Catholic League head denounces White House faith-based partnership office's meeting with atheist groups

White House
A general view of the White House in Washington in this September 30, 2013, file photo. |

Catholic League for Religious and Civil Rights President and CEO Bill Donohue recently denounced a White House meeting with atheist and secular organizations who he claims have an agenda driven by "anti-religion politics."

The White House Office of Faith-Based and Neighborhood Partnerships held a meeting last week with six non-religious advocacy groups. Those groups included the American Atheists, American Humanist Association, Center for Inquiry, Ex-Muslims of North America, the Freedom From Religion Foundation and the Secular Coalition for America.

In an opinion column published Monday by CNS News, Donohue took issue with the White House meeting, arguing that the Biden administration was catering to anti-religious groups.

“It would be one thing if White House staffers in domestic policy or civil rights invited representatives of these six organizations to discuss their concerns; it is quite another when those who purport to work with people of faith do so,” argued Donohue.

“None of them are religion-friendly and some are positively militant in their agenda. They expressed their displeasure with the pro-religious liberty policies of the Trump administration, accusing it of fomenting ‘Christian nationalism.’ The creation of this fiction is central to the anti-religion politics that drives these groups.”

Donohue contends that the meeting is a byproduct of President Joe Biden’s executive order from February, which created the faith-based initiative office.

Specifically, Donohue quoted the fact Sheet released with the order stipulating that the office “will not prefer one faith over another or favor religious over secular organizations.”

“But the whole point of creating an office of faith-based programs was to prioritize religious social service agencies,” Donohue argued. 

“If the Biden administration is going to manipulate the founding purpose of faith-based initiatives by welcoming the advice of militant secularists, it should do us all a favor and simply trash this office.”

Rob Boston of the advocacy group Americans United for Separation of Church & State critiqued the Donohue column. Boston argued that although "the office absolutely does work with faith-based organizations, that’s not its entire mandate."

"At a time when growing numbers of Americans are identifying as 'nones' and others are embracing a secular outlook, it just makes sense to include these groups," wrote Boston.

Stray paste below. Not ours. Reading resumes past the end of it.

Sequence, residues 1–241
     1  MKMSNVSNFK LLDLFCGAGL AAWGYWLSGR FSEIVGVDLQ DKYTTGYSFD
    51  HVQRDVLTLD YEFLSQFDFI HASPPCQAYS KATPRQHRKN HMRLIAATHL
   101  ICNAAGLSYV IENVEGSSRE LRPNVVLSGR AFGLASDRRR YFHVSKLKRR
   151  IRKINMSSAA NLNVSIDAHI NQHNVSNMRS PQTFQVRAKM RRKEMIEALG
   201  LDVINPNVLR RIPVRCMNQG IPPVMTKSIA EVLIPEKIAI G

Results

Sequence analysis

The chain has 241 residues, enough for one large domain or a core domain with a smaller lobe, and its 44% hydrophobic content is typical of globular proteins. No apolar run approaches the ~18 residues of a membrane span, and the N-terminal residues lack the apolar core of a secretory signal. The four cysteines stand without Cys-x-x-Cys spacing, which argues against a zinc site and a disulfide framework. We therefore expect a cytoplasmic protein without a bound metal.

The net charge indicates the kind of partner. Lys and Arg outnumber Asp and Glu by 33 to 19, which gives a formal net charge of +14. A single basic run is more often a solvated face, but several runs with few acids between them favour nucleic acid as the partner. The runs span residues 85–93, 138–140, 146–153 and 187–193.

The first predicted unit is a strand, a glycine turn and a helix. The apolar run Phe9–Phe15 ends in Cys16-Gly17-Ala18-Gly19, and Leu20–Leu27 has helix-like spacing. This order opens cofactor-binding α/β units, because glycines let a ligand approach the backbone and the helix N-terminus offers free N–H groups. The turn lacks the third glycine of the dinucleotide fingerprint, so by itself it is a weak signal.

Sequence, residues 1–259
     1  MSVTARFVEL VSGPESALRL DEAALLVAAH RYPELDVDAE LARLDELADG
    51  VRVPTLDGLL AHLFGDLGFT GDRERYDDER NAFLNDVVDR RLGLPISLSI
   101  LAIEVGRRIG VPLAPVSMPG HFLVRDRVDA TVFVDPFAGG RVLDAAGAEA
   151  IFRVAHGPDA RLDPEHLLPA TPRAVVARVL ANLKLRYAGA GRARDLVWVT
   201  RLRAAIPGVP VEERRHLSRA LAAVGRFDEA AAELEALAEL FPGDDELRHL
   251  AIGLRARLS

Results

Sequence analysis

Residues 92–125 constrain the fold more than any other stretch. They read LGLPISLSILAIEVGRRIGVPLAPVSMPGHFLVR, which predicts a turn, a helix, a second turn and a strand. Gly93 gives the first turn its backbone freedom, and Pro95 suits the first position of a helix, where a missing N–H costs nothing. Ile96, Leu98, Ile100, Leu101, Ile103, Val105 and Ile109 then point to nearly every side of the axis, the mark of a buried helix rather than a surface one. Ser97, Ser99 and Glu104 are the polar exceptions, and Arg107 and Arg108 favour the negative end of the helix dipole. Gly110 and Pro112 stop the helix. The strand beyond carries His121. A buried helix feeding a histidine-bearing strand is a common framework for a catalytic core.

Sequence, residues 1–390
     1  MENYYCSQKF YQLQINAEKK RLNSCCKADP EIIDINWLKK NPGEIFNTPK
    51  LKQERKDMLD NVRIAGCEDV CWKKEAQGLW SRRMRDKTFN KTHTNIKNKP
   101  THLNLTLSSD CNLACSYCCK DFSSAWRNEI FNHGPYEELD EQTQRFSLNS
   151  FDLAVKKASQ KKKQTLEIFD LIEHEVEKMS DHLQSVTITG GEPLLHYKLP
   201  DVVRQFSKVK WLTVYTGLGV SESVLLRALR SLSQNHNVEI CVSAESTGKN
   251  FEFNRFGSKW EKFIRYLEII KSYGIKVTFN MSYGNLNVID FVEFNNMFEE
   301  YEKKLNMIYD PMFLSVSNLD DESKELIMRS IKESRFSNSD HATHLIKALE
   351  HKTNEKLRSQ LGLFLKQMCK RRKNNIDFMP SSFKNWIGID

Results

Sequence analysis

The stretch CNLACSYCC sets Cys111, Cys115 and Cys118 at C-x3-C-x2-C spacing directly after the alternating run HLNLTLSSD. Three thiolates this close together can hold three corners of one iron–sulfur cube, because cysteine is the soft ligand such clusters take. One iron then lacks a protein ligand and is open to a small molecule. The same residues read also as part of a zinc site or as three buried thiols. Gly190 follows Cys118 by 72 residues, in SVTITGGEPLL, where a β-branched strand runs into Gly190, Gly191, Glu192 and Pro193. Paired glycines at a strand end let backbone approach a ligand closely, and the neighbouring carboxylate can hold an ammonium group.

"Donohue is a typical religious extremist who believes the answers to all of life’s thorny questions can be found in the narrow segment of religiosity he chooses to embrace."

According to a statement from the Secular Coalition for America, the meeting with the White House office last Friday was “productive." During the meeting, the secular groups expressed their concerns about lingering policies from the Trump administration.

“In this meeting, which we hope was the first of many, we encouraged the White House to continue engaging with organizations representing nonreligious Americans at the national level as well as local secular organizations across the country, in the same ways as they do with religious organizations,” stated the Coalition.

“By participating in this meeting, the White House Office of Faith-Based and Neighborhood Partnerships displayed that they’re open to embracing pluralism, diversity of thought, and the secular community.”

As with the past few presidential administrations, Biden created the Office of Faith-Based and Neighborhood Partnerships soon after taking office. 

“From COVID-19 to the economic crisis, we’re facing enormous challenges — and faith-based and community organizations are essential to addressing them,” tweeted Biden at the time.

The Freedom From Religion Foundation, which often pressures government agencies and school districts nationwide to end any conceived endorsement of religion, initially criticized Biden's decision to reinstate the White House Office of Faith-Based and Neighborhood Partnerships. 

FFRF claimed that the office is "unconstitutional" and has been "abused to reward churches that support political candidates, among other things." It called on Biden to "abolish" the office.

"Christian organizations have been given high preference under previous administrations," FFRF claimed in a February statement.

FFRF group filed a lawsuit against George W. Bush's version of the office, a case that went to the Supreme Court in 2007.

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